The Great Wall of Female Confidence

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We cannot direct the wind, but we can adjust the sails

– Dolly Parton

How confident do you feel on a day-to-day basis about your capabilities?

Evidence shows that confidence matters as much as competence and hard work when it comes to achieving success. 

This makes sense. A person must demonstrate self-belief and faith in their own abilities to inspire the confidence and belief of others. Imagine a doctor who appears unsure about their diagnosis. Their patient will most definitely seek a second opinion and probably never return to the confused doctor. 

No wonder confidence is the magic word in the El Dorado of success. Its importance can hardly be disputed.  

And yet, as this article notes, women are less self-assured than men. In other words, there exists a confidence gap.

Countless organisations, coaches, and authors have provided a solid solution to closing the confidence gap: the confidence culture. As this LSE article notes, the underlying rationale is that “women are held back by “personal deficits” and, crucially, by their “lack of confidence.” The focus of the confidence culture is then to push women to look inwards, develop their confidence, and, accordingly, position them for success. 

The beneficiaries of the confidence culture have been numerous. But, there is good literature to support the proposition that, taken to its logical conclusion, confidence culture may be doing more harm than good to women. 

This article proposes a need for Peoplenovation in the confidence culture by shifting the underlying focus from “pride” to “dignity.” 


What does confidence stand for?

  • Lean in
  • Fake it till you make it
  • Stand your ground
  • Appear self-assured
  • Never disclose your flaws

These are just a few examples that have appeared in mainstream media, for instance, in this article. When pride is the source of confidence, it asks that no matter what, a woman should always appear self-assured. 

There are three problems with this argument. 

First, the expectation is problematic from a mental health standpoint as it can lead women to blame and be harder on themselves when they cannot harness and project that perfect level of confidence.

Second, it negates the influence of external circumstances on confidence levels. 

Third, confidence culture is essentially a lesson in emotional self-regulation, with the message “change yourself” to pursue success. This article in the Harvard Business Review concludes that confidence, in fact, is a highly gendered word “aimed at and adopted by both women and men to explain away the slower progression of women at work.” Too little, and a woman is underselling herself. Too much, and a woman is overcompensating, rude, or arrogant. In this light, the “perfect standard” of confidence is likely a threat to authentic expression.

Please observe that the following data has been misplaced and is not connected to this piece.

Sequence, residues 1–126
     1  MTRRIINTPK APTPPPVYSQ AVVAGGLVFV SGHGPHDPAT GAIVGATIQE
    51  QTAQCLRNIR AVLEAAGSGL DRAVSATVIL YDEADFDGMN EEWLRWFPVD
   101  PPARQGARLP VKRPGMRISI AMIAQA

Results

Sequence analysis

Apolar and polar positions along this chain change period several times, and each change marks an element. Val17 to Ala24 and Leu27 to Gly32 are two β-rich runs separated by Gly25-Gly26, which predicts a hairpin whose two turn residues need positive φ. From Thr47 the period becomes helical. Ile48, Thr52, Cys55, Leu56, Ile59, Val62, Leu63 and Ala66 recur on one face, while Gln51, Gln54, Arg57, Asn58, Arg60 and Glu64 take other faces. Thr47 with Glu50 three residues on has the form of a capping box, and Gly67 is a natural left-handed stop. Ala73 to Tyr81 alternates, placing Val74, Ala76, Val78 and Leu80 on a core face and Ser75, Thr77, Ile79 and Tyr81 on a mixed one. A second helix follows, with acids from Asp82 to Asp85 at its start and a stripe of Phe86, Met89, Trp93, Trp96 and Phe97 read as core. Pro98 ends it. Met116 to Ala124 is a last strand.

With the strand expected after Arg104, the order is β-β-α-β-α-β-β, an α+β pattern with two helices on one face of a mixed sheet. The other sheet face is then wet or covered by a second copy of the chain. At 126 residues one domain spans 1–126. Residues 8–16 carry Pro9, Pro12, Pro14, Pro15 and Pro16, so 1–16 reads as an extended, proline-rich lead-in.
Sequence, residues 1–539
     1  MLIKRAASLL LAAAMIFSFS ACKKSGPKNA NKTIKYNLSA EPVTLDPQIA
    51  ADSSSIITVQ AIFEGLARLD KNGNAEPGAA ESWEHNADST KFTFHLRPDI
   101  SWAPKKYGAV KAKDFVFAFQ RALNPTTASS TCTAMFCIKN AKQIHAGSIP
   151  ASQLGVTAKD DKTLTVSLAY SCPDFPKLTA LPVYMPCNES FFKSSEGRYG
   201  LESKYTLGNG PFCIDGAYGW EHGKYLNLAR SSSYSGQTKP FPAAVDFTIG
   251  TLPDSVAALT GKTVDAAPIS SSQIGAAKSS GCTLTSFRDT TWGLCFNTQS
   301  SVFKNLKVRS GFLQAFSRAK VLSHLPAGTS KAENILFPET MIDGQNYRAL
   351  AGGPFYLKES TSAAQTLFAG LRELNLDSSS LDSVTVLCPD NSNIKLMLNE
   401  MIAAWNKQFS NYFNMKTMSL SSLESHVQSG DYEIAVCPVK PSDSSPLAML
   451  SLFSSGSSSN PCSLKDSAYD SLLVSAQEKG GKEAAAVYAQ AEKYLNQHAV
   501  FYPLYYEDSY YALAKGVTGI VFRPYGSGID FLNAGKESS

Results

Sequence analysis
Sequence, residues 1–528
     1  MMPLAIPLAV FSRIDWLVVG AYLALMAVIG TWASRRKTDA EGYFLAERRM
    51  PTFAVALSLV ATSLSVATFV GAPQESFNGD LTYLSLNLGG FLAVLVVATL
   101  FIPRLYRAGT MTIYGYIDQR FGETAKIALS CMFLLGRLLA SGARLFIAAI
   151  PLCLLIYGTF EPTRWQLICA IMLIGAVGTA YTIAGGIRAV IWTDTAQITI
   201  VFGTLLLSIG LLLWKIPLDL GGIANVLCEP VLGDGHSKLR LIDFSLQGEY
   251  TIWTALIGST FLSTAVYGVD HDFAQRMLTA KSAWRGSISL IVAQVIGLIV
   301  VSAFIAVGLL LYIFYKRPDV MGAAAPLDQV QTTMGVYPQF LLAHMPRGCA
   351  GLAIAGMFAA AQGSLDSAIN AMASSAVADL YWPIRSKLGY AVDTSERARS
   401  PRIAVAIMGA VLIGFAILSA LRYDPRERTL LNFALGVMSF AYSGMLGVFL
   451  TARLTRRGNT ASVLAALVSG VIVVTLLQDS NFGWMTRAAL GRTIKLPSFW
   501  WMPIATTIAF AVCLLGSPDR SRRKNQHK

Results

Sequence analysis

What happens when dignity becomes the source of a woman’s confidence?

It frees her. 

Since dignity emanates from within, it values self-acceptance above everything else. This includes accepting and encouraging feelings of humility, vulnerability, reflection, self-compassion, and empathy – all of which are crucial to developing psychological safety. Ultimately, it reduces the “emotional labour” that goes into maintaining the persona of an “infallible fortress” by allowing space for humaneness.  

Further, a dignified understanding of confidence apportions responsibilities between internal and external circumstances. It recognizes the importance of and gives women the leeway to depend on a reliable support system to develop their talents, capabilities, and confidence. It understands that while self-assurance may come from within, it is bolstered and sustained through:

  • Uplifting relationships
  • Mentorship
  • Leadership opportunities
  • Peer support
  • Training
  • Competence development
  • Showing appreciation 
  • Valuing contributions
  • Psychological safety

Dignity nourishes and nurtures women by shifting the focus from compensating for a “personal deficit” to achieving growth in a way that suits an individual’s specific needs. The result is the same, but the starting positions can affect a fundamental change in how a woman perceives herself – adequate as she is, but on a journey to mastery of that which may aid her to achieve more.    


Confidence is undoubtedly a critical skill that all women must master if they want to achieve success. However, there is merit in considering what the “appropriate” pathway is when it comes to striving to gain confidence. 

Imagine a journey towards attaining confidence that is abundant with a sense of belonging, support, compassion, empathy, love, and connection.  Would it be wrong to say that a wall of confidence built on dignity will be stronger, more resilient, and more nurturing?

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